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'Girls' Star Zosia Mamet Reveals Struggle With Eating Disorder That Nearly Killed Her

August 12, 2014 22:03:43 GMT

The Shoshanna Shapiro of 'Girls' says, 'At times it has forced me to starve myself, to run extra miles, to abuse my body.'


Zosia Mamet
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Zosia Mamet, 26, opens up about eating disorder she has battled since she was a kid. The Shoshanna Shapiro depicter on "Girls" talked about her past struggle for the first time to public in her monthly column on Glamour for the magazine's September issue.

Calling herself "an addict in recovery," she said, "I've struggled with an eating disorder since I was a child. This struggle has been mostly a private one, a war nobody knew was raging inside me. I tried to fight it alone for a long time. And I nearly died."

"I was told I was fat for the first time when I was eight. I'm not fat; I've never been fat. But ever since then, there has been a monster in my brain that tells me I am - that convinces me my clothes don't fit or that I've eaten too much. At times it has forced me to starve myself, to run extra miles, to abuse my body," she added.

"As a teenager I used to stand in front of the refrigerator late at night staring into that white fluorescent light, debilitated by the war raging inside me: whether to give in to the pitted hunger in my stomach or close the door and go back to bed. I would stand there for hours, opening and closing the door, taking out a piece of food then putting it back in; taking it out, putting it in my mouth, and then spitting it into the garbage," she wrote. "I was only 17, living in misery, waiting to die."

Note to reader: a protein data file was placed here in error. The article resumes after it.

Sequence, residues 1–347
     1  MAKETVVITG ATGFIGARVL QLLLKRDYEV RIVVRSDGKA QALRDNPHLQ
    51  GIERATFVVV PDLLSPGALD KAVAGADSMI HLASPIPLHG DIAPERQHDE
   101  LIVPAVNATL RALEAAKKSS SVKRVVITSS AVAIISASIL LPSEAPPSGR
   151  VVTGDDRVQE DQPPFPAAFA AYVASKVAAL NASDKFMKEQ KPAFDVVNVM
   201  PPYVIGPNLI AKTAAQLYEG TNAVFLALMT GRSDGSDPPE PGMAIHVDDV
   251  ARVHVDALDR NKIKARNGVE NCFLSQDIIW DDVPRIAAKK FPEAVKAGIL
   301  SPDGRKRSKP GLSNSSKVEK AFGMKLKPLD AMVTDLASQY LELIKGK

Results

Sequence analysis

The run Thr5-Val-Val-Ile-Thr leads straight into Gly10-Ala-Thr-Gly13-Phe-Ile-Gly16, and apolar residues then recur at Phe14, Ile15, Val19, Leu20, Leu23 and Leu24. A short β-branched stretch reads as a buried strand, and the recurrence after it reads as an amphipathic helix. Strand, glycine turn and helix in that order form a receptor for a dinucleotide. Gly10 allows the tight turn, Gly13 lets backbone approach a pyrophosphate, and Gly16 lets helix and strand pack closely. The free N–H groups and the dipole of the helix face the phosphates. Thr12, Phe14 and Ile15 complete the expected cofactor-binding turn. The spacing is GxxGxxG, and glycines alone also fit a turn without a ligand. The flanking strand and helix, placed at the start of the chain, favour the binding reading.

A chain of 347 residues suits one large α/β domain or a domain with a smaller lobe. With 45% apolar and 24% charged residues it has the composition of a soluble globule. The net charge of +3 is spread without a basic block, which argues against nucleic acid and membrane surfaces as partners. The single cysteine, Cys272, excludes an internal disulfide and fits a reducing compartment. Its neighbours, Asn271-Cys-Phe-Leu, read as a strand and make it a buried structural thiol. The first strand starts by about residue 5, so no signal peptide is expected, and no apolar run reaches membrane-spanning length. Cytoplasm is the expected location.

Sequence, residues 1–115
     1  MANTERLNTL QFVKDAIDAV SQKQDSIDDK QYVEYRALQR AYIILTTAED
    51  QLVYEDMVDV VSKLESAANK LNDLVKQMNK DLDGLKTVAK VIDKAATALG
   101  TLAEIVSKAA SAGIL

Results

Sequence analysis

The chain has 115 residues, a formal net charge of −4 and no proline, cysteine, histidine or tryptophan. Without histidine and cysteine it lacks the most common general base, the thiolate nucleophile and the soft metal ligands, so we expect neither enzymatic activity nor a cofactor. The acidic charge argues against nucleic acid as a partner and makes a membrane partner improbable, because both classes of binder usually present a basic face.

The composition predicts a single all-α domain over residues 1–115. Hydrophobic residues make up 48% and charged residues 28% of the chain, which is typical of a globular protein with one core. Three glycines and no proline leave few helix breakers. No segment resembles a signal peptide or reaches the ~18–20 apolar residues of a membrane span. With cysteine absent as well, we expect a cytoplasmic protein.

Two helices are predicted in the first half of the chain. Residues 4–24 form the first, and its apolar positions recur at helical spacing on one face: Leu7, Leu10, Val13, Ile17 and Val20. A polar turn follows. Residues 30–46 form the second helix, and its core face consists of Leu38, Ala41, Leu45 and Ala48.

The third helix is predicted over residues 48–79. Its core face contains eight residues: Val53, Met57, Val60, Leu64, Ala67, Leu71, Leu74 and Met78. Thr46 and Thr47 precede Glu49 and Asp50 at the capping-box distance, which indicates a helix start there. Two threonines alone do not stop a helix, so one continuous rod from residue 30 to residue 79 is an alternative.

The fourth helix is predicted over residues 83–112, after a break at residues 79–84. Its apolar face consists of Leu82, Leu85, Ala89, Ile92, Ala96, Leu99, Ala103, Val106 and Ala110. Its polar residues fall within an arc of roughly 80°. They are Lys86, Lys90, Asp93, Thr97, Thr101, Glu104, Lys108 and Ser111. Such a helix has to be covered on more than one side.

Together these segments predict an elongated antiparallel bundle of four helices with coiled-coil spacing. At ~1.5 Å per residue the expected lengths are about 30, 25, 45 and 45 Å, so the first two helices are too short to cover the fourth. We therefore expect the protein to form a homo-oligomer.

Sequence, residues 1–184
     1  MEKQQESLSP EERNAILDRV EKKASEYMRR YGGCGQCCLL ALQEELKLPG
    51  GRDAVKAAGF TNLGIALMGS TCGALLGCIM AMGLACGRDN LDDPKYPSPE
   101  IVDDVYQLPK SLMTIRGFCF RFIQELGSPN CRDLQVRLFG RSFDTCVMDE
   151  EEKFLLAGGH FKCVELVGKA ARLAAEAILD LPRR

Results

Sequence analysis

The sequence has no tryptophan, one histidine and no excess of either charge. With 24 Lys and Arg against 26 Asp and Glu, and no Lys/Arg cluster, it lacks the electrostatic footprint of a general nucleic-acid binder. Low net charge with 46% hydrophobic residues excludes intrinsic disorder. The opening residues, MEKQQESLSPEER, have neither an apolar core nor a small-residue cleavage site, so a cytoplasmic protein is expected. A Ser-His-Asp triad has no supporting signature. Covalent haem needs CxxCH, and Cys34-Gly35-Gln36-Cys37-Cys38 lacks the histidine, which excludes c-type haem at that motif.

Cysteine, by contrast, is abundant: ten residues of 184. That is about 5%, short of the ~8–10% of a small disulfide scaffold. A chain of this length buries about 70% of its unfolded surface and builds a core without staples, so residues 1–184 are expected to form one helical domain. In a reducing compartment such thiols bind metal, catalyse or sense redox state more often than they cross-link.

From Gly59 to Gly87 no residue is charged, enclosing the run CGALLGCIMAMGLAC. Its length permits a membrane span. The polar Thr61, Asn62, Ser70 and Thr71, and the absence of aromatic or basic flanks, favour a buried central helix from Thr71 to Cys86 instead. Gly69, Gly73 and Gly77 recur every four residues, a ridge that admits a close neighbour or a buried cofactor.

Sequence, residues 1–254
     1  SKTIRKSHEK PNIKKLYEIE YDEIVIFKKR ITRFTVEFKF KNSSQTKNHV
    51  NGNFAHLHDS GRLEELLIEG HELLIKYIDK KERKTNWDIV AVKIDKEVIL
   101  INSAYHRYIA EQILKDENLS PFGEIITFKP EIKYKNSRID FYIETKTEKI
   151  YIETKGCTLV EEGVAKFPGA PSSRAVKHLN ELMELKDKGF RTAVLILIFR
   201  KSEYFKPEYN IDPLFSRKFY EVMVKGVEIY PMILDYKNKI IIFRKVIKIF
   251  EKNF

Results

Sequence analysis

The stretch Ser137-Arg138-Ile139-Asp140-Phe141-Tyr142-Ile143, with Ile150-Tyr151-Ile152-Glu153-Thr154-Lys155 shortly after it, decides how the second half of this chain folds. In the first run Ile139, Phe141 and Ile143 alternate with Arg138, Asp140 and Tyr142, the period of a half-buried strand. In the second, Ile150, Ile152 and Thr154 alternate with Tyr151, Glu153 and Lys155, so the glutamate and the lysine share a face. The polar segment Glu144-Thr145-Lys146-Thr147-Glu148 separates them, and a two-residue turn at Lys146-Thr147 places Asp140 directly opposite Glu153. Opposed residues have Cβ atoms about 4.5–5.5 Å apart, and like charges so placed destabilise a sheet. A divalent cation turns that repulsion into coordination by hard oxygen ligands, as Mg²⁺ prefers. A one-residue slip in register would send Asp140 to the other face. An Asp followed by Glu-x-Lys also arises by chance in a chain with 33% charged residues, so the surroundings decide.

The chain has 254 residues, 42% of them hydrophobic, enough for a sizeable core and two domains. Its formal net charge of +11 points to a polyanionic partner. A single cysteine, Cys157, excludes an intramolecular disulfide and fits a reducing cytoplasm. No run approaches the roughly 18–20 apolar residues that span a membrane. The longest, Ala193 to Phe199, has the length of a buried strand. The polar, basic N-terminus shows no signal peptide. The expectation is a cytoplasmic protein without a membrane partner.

Her father, famous playwright David Mamet, eventually helped her begin her treatment. "He came home one night from a party, took me by the shoulders, and said, 'You're not allowed to die,' " she remembered. "It was the first time I realized this wasn't all about me. I didn't care if I died, but my family did. That's the thing about these kinds of disorders: They're consuming; they make you egocentric; they're all you can see."

Zosia said she couldn't talk about "all of this without bringing up the world we live in." She explained, "Our culture delivers a real one-two punch: You want to control some­thing, and then society says, 'Hey, how about controlling the way you look? Skinny is beautiful' Your obsession feels justified. It's no secret that we live in a country with a warped view of beauty. 'Skinny' sells us everything, from vacations to underwear, effectively."

"Today I'm at a healthy weight, though I realize that my obsession will always be with me in some way," she went on. "For years the voice inside me has gotten louder or quieter at times. It may never disappear completely, but hopefully one day it'll be so quiet, it'll only be a whisper and I'll wonder, Was that just the wind?"

© AceShowbiz.com




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